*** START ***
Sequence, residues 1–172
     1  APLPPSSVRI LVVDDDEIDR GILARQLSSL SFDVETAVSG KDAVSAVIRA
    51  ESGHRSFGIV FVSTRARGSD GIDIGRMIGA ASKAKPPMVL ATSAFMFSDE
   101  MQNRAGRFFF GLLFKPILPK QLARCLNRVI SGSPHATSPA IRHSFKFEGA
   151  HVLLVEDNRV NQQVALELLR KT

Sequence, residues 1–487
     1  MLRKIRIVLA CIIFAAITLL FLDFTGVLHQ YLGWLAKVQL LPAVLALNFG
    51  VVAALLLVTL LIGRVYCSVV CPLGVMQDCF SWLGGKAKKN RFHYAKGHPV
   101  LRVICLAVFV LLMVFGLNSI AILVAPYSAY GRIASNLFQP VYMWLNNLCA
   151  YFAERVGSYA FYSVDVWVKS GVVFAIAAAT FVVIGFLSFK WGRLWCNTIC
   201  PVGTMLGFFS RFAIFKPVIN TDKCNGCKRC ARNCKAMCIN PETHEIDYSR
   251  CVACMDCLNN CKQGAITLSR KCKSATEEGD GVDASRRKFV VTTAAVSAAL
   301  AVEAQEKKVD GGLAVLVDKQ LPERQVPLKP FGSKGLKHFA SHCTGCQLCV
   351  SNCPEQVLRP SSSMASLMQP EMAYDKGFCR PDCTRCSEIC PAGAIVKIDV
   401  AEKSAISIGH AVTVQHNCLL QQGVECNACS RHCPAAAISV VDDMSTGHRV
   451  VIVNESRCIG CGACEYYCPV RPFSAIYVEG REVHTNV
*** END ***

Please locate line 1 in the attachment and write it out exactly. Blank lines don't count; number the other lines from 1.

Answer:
Sequence, residues 1–172